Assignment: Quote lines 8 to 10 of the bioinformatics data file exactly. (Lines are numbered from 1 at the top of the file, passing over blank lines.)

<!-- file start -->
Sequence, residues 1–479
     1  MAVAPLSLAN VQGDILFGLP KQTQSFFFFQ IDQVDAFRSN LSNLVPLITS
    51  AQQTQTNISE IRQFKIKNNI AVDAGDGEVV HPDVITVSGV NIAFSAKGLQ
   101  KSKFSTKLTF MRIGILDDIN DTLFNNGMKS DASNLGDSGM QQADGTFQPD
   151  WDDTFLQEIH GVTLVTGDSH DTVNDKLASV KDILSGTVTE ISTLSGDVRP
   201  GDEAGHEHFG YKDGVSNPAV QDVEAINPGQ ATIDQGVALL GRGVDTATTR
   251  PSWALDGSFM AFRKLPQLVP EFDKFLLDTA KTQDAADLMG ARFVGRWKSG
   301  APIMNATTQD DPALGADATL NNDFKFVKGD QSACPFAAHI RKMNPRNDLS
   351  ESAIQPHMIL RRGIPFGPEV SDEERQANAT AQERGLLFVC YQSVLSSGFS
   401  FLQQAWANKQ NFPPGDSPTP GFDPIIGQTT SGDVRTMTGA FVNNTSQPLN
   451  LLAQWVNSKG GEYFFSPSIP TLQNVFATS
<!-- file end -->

   301  APIMNATTQD DPALGADATL NNDFKFVKGD QSACPFAAHI RKMNPRNDLS
   351  ESAIQPHMIL RRGIPFGPEV SDEERQANAT AQERGLLFVC YQSVLSSGFS
   401  FLQQAWANKQ NFPPGDSPTP GFDPIIGQTT SGDVRTMTGA FVNNTSQPLN